Such are the problems that prey on the mind of Russia in her apathetic slumber! And at such a time a great writer, whose astonishingly artistic and deeply truthful works have so powerfully contributed toward Russia’s awareness of herself, enabling her as they did to take a look at herself as though in a mirror – publishes a book in which he teaches the barbarian landowner to make still greater profits out of the peasants and to abuse them still more in the name of Christ and Church....And would you expect me not to become indignant?... Why, if you had made an attempt on my life I could not have hated you more than I do for these disgraceful lines.... And after this, you expect people to believe the sincerity of your book’s intent! No! Had you really been inspired by the truth of Christ and not by the teaching of the devil you would certainly have written something entirely different in your new book. You would have told the landowner that since his peasants are his brethren in Christ, and since a brother cannot be a slave to his brother, he should either give them their freedom or, at least, allow them to enjoy the fruits of their own labor to their greatest possible benefit, realizing, as he does, in the depths of his own conscience, the false relationship in which he stands toward them.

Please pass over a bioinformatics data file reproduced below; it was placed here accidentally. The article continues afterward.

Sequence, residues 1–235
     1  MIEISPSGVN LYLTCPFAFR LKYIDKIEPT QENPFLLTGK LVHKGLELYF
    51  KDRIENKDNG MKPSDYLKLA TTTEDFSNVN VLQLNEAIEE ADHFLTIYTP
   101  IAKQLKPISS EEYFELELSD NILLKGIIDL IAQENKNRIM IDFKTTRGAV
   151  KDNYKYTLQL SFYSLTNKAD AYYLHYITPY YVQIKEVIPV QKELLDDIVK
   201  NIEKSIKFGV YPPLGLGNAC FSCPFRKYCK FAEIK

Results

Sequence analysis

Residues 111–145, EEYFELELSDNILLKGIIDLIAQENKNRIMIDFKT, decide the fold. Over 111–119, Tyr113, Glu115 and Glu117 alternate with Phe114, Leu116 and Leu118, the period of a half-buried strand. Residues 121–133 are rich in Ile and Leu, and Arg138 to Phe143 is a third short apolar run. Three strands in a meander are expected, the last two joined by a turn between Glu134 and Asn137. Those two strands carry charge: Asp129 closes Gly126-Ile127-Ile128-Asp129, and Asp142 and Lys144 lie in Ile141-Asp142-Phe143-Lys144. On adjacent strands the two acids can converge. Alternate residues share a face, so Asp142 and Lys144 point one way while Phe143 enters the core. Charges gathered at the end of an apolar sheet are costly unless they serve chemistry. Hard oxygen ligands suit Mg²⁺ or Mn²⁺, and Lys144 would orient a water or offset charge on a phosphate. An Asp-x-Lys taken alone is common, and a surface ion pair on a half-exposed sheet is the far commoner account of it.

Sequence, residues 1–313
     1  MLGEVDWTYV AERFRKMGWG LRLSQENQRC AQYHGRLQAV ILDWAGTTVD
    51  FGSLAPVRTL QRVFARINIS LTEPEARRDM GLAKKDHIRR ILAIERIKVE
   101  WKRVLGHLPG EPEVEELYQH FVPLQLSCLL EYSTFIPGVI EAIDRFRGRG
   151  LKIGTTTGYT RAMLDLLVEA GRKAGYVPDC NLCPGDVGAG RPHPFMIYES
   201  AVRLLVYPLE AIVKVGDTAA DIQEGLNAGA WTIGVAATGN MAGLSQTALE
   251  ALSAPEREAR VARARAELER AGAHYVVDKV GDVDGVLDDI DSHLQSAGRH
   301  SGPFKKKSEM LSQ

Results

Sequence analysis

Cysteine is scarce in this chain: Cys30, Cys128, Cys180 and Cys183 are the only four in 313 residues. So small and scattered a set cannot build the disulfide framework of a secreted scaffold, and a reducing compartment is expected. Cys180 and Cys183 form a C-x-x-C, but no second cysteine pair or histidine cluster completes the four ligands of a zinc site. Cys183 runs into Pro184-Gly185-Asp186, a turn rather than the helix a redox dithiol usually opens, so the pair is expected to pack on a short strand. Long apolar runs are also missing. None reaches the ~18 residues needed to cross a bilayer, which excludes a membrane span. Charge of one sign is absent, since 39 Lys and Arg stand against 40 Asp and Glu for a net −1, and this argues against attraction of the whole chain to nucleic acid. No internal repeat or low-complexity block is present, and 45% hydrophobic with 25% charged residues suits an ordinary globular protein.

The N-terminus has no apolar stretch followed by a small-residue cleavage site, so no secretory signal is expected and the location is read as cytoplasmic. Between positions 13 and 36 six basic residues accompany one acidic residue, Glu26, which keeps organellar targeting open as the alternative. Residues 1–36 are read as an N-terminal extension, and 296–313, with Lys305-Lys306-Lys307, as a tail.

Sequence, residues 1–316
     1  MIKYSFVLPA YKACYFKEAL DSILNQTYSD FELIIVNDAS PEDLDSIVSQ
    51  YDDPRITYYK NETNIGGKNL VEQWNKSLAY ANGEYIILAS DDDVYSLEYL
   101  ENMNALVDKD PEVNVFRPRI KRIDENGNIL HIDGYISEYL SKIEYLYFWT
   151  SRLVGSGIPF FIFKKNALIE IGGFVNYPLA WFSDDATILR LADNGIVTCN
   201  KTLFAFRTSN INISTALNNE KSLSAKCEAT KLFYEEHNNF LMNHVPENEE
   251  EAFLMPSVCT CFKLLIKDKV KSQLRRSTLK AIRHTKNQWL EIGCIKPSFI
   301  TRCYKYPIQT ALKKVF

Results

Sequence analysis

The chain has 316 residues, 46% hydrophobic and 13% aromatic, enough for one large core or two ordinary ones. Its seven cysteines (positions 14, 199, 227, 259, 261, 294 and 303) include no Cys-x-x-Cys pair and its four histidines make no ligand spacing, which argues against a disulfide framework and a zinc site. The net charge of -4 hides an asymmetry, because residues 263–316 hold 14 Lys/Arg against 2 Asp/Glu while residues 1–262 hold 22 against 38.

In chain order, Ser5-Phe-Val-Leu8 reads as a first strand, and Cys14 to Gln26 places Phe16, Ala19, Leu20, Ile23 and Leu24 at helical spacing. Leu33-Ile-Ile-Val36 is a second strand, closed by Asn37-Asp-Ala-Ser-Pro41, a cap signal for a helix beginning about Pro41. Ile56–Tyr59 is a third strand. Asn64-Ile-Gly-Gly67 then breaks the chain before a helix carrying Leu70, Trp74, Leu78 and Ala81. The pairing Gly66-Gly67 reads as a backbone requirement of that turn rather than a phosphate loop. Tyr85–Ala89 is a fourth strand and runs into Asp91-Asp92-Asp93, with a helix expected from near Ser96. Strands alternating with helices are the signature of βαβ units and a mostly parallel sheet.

And the expression “Oh, you unwashed snout, you!” From what Nozdrev and Sobakevich did you overhear it, in order to present it to the world as a great discovery for the edification and benefit of the peasants, whose only reason for not washing is that they have let themselves be persuaded by their masters that they are not human beings? And your conception of the national Russian system of trial and punishment, whose ideal you have found in the foolish saying that both the guilty and innocent should be flogged alike? [4] That, indeed, is often the case with us, though more often than not it is the man who is in the right who takes the punishment, unless he can ransom himself, and for such occasions another proverb says: guiltlessly guilty! And such a book is supposed to have been the result of an arduous inner process, a lofty spiritual enlightenment! Impossible! Either you are ill – and you must hasten to take a cure, or...I am afraid to put my thought into words! ...

Letter to N. V. Gogol by V. G. Belinsky 1847